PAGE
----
Friday, September 3, 2010

Governors' "Papers" - Should Genealogists Care What Happens?

NYS Gov Benjamin Odell (1854 - 1926)
Periodically, the New York State Legislature introduces and passes a bill requiring the state’s governors to turn over their public papers to the New York State Archives at the end of their terms.  So far, every governor who has found one of those bills on his desk has vetoed it, usually hiding behind the magic curtain of fiscal responsibility.

“Too expensive”, he says.  “Not so,” say the archivists, “we can do it with existing space and staff.”

Nearly every newspaper in the state has urged the current governor to sign the current “Governor’s Papers Go To The Archives” bill now on his desk, but most believe he will not, despite all the compelling reasons why it might be a good idea.

The most compelling reason - all these papers concern public things done on public time with public resources and public employees to achieve public purposes - doesn't seem to ever hold much water with any of the governors.

They all seem to cling to the idea that these are their own very personal and private papers.

Right now, outgoing governors can clean out their desks and files (and those of their office staff, like their appointments secretary, who vets all gubernatorial appointments) and take it all home. Or to the landfill.

For many genealogists, this is probably a big “ho-hum” story. After all, what possible relevance to family history could “governors’ papers” have? Don’t we have bigger fish to fry, like vital records access?

Well, consider what governors do, and remember that a lot of it is that kind of “behind the scenes” work that rarely makes it into the news.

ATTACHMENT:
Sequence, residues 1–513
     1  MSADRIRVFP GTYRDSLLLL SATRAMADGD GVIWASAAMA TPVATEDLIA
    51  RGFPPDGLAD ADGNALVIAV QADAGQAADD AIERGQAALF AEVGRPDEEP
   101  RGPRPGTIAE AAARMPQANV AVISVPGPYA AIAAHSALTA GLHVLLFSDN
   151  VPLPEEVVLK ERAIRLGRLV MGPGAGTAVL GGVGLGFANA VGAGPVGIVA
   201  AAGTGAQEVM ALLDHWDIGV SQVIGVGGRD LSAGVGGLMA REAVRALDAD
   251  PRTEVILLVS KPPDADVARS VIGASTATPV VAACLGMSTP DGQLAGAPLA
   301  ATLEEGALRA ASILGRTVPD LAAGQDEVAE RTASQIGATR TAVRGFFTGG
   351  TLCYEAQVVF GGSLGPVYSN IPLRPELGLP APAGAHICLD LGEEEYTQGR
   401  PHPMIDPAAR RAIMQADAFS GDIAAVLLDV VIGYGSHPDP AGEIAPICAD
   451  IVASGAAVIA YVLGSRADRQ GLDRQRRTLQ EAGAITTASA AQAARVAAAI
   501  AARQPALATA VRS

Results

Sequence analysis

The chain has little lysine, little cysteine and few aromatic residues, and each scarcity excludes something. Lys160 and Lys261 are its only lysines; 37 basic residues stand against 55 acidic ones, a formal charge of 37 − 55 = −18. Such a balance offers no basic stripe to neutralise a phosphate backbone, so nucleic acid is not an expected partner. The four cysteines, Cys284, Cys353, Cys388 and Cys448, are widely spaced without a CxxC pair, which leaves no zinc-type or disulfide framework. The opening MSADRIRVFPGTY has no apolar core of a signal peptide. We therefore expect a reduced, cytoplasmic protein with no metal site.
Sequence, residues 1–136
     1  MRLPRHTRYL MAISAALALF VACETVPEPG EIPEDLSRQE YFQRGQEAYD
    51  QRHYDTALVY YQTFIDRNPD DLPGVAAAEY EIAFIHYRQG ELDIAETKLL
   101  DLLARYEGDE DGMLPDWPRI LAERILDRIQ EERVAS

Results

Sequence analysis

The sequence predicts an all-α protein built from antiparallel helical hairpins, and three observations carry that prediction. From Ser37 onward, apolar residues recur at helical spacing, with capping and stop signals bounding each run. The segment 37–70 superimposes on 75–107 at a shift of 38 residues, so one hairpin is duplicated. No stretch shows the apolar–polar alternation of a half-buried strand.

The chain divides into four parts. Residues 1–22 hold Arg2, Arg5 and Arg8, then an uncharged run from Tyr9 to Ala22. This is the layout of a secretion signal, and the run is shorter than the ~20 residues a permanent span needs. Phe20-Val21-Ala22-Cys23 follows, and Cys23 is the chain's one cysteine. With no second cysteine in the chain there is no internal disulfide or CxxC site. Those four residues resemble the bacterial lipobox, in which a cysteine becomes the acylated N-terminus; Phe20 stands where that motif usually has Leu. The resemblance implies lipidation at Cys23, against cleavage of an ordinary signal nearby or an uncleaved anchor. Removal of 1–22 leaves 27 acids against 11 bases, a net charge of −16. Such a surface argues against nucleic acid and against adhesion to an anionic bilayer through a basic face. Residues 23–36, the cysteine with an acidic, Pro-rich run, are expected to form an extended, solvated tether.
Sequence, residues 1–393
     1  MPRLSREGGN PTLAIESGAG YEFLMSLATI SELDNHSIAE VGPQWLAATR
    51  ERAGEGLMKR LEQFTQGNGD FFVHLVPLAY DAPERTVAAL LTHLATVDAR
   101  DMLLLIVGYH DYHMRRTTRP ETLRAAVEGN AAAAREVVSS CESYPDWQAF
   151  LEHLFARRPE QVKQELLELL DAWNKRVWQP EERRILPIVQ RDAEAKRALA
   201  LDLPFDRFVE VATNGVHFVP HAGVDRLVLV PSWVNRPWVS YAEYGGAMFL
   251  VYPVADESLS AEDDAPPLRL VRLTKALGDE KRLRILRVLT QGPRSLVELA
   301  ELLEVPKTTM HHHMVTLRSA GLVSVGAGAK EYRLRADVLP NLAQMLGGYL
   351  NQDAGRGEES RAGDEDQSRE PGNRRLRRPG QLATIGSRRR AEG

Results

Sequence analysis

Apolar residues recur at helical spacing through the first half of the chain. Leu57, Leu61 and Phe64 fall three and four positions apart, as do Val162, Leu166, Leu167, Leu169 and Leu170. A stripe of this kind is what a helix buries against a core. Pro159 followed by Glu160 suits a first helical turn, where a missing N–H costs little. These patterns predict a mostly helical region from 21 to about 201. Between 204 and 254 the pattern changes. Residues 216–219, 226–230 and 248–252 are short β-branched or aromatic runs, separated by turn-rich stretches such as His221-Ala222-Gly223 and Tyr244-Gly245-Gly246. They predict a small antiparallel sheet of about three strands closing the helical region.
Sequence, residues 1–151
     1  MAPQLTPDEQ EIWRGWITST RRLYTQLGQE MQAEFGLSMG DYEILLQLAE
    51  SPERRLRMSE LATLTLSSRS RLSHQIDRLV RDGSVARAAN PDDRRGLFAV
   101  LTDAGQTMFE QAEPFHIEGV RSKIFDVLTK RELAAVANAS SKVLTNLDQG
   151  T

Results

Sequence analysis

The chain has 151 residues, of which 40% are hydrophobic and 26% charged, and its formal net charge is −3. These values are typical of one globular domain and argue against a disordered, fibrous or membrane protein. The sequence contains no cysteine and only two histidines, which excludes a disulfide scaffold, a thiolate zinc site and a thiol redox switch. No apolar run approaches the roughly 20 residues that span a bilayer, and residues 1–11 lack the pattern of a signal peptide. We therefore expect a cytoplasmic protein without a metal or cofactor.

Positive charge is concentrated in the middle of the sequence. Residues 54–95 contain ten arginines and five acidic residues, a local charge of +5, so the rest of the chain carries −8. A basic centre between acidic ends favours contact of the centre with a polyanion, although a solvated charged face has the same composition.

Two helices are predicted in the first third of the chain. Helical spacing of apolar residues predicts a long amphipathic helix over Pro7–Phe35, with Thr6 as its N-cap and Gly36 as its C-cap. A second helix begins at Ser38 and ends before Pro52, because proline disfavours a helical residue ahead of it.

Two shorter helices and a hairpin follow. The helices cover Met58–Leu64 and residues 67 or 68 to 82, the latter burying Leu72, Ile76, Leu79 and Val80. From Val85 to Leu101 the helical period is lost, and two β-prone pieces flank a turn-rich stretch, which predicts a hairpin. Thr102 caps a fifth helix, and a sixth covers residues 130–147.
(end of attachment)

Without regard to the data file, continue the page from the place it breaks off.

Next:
For example, governors are at the end of the line in the legislative process. All kinds of things come across their desks, including any number of bills that affect individual citizens (special pension legislation, commission appointments, memorial resolutions, etc.), along with supporting documentation that often contains dense biographical information.

Then there are things relating to “bad guys”. So, if you have any black sheep in your family (and even if you don’t), consider the case of Squire Tankard.

Tankard, who was from Chautauqua County, shot his sister-in-law Margaret Beaumont with a revolver.  He was convicted of murder in Jamestown and sentenced to death in November 1899.  His sentence was to be carried out on January 15, 1900.  They didn’t lollygag much in those days.

The method of execution was to be the newly introduced electric chair, which would soon acquire the nickname of “Old Sparky”.  The gentleman who had the job of pulling the switch was euphemistically known as “The State Electrician”.

Tankard, however, spent the spring of 1901 in prison.  Why?  Because Gov. Theodore Roosevelt had granted him what is known as a “respite” less than a week before his execution, on the grounds that he may have been insane when he shot Mrs. Beaumont.  Later, Roosevelt’s successor, Benjamin Barker Odell, Jr, commuted Tankard’s sentence to life imprisonment in the State Prison for the Criminally Insane.

That’s one of the things governors do – respites, commutations and pardons. And all the background paperwork that is presented during the decision-making process becomes part of the package known as  “governor’s papers”.

For Tankard, we have documentation of Roosevelt’s actions, since he allowed the printing of the high points of his gubernatorial career in a set of volumes titled “The Public Papers of Theodore Roosevelt, Governor”.  The Tankard respite, found on page 227 in the 1900 volume, is below.

However, printed excerpts and highlights are not the same thing as “papers”.

Imagine what great family history detail could be gleaned from the actual Squire Tankard file, and the hundreds of others that Roosevelt reviewed!

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